Kevin Brennan Writes About What It's Like
I can’t remember the family’s name, but maybe I will by the time I finish writing this.
We lived in a condominium complex called Southridge in a suburb of St. Louis. It was one of those high-density developments on not much acreage, with maybe twenty-five buildings, half apartments, half townhouses. We lived in a four-bedroom townhouse, which sounds large and comfortable for a family of six but was actually on the cramped side. I’d be surprised if it was twelve hundred square feet, though I remember it was equipped with the latest Hotpoint appliances and built-in AC.
Why my father had moved us from a single-family house with a big yard and lots of kids around, though, I have no idea. We were free-range kids, my two brothers and I, roaming all over our old subdivision on foot and on bikes, tribing up with other kids in amorphous packs that explored every inch of the sprawling neighborhood. I think my dad was reacting to his sister’s purchase of a showplace home in an upscale suburb — her husband’s family owned a couple of department stores — a custom-built modern house that was probably featured in Architectural Digest at one time or another. Short on the kinds of funding that could get him something similar, Dad went with the latest Hotpoint appliances as a salve and crated us all in the condo.
Immediately we began to aggravate the management of the new complex. We tried our free-range ways, using the apartment halls and groomed shrubbery as hideouts, forts, traps, lairs, and attracting the attention of residents — mostly older people — who thought they’d escaped this kind of thing by moving there. There was a shuffleboard court.
The manager spoke to my father about us. Riled him up. Dad fired off a letter to the HOA, telling them that this was no Shangri-La, and there happened to be families with kids here. Get used to it.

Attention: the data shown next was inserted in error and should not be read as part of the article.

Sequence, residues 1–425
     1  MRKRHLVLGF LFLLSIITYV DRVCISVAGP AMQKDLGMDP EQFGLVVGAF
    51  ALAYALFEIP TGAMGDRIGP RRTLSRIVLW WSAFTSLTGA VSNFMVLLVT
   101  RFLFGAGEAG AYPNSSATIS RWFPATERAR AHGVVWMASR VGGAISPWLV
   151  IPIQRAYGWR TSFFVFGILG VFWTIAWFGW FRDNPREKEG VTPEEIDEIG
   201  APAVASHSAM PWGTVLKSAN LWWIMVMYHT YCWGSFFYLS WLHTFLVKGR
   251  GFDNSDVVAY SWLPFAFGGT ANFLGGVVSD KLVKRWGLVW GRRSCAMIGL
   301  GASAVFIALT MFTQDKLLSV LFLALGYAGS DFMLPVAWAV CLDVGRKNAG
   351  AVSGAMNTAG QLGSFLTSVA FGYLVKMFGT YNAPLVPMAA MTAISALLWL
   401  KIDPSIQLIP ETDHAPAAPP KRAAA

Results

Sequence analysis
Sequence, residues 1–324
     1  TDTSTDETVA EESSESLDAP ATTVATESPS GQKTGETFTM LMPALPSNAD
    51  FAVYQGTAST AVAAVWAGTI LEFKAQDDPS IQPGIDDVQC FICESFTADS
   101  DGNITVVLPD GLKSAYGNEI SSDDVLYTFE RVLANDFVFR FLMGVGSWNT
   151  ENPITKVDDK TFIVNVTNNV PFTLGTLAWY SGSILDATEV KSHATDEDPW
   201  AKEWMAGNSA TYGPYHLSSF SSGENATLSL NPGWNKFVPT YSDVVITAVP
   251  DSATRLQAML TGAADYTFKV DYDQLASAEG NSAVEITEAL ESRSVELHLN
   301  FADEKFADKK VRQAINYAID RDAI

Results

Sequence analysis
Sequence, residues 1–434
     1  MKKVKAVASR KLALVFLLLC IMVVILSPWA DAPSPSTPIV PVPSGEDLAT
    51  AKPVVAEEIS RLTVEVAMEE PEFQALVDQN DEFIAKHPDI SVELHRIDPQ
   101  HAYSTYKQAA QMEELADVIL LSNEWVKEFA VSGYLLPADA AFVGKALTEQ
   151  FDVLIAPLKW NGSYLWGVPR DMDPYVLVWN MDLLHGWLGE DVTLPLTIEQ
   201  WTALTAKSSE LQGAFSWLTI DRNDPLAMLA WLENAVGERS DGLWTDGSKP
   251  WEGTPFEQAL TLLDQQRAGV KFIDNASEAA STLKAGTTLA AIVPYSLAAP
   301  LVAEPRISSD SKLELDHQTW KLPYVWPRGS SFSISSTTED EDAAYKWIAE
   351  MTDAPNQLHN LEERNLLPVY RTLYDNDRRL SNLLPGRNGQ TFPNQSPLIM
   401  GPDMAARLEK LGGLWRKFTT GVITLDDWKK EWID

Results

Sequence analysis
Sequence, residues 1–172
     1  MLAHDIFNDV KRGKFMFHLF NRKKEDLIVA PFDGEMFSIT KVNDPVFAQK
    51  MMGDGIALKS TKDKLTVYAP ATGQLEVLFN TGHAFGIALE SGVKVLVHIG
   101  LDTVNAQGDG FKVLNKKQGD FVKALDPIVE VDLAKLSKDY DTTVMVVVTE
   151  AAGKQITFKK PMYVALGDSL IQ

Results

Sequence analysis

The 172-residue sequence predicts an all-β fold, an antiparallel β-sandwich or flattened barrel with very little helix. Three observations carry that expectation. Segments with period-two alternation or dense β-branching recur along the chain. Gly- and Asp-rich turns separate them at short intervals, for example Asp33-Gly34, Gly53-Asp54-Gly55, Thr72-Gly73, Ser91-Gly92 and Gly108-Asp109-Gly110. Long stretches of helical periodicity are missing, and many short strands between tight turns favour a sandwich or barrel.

The main thing I remember about the manager’s family, though, was his son. His son had cerebral palsy, and his mother would wheel him into the swimming pool area most days — we were ever-present at the pool, living right across from it — to get some sun and some air. We were too shocked by his appearance to go near him, never having heard of his condition and getting no encouragement from his mother. She wanted nothing to do with us, after all. We were hellions to her mind. Still, I’d look at that boy in his wheelchair and wonder what was going on in his head as he leaned and fidgeted while we did cannonballs off the diving board.
The rumor, of course, was that he was “retarded,” which was a word used commonly back then, without the connotations it has today. But what I was to learn about ten years later was that there was a serious mind inside that boy, the mind of a scholar.
One day I was working at my college library, when the librarian asked if I could help a patron who had a disability. I said sure, and she took me to the elevator to the second level, where I found the same boy from my childhood — his name just came to me — David Morton. He had not changed very much. A little dark stubble on his chin and cheeks now, a lankier, longer frame, though he still sat in his chair as if he were about to slide out of it. He had a notebook on his lap.
The librarian said I was to take him up into the stacks and let him direct me to the books he wanted. I didn’t tell her that I knew him from years before. I didn’t tell him I knew him from years before. I wasn’t sure what ideas of me he might have in his head.
I trundled him into the elevator, then onto the floor above, where he nodded generally toward the religion and philosophy shelves. He made certain sounds when he wanted me to enter a row, then tipped his chin up as I moved my hand. He’d grunt when I was at the right shelf, then bob his head left or right to guide me. I touched a book and he nodded with a rough exhale. We repeated the process two or three times. Then, somehow, he indicated with a certain dance of his knobby elbows that I should open one of the books, and he said something close enough to the word “index” that I knew what he wanted. I leafed through the pages till he saw the entry that interested him. “Good,” he said.
When we were finished and I brought him downstairs again with his books, the librarian asked if I was headed back to the main building across the street. David needed to get over there. Could I take him with me?
So I pushed David Morton’s wheelchair out of the library to the pedestrian crossing, and this was when I decided to probe a little. I said, “I remember you from the neighborhood. You’re the manager’s son.” And he said, “I remember you too.” I told him I bet his father didn’t remember my family all that fondly. He conveyed something along the lines of “that was a long time ago.”
When we got to the room David was going, I left him in the hands of someone else. I said it was good seeing him again after all these years and wished him the best of luck. He said, “Same to you, Kevin.” And that was the last time I saw him.
As recently as 2010, Google tells me, he was serving as an associate pastor for a Baptist church in North Carolina. Life goes on.